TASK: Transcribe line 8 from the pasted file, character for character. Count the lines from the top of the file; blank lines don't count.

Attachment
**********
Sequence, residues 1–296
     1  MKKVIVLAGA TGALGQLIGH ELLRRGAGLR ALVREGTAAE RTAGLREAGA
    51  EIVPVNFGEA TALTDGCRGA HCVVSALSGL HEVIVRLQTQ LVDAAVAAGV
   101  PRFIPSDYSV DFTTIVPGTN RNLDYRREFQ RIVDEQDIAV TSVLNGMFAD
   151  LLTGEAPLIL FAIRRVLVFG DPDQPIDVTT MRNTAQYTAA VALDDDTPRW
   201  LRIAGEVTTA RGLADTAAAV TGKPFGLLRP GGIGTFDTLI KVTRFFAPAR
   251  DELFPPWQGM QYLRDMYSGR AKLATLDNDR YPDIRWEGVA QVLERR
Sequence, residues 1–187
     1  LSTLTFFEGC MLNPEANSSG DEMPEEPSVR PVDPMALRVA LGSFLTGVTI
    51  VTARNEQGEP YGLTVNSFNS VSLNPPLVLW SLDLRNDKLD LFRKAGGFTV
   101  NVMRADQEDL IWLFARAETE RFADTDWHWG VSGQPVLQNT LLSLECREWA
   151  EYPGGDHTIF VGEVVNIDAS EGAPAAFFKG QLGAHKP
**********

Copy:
Sequence, residues 1–187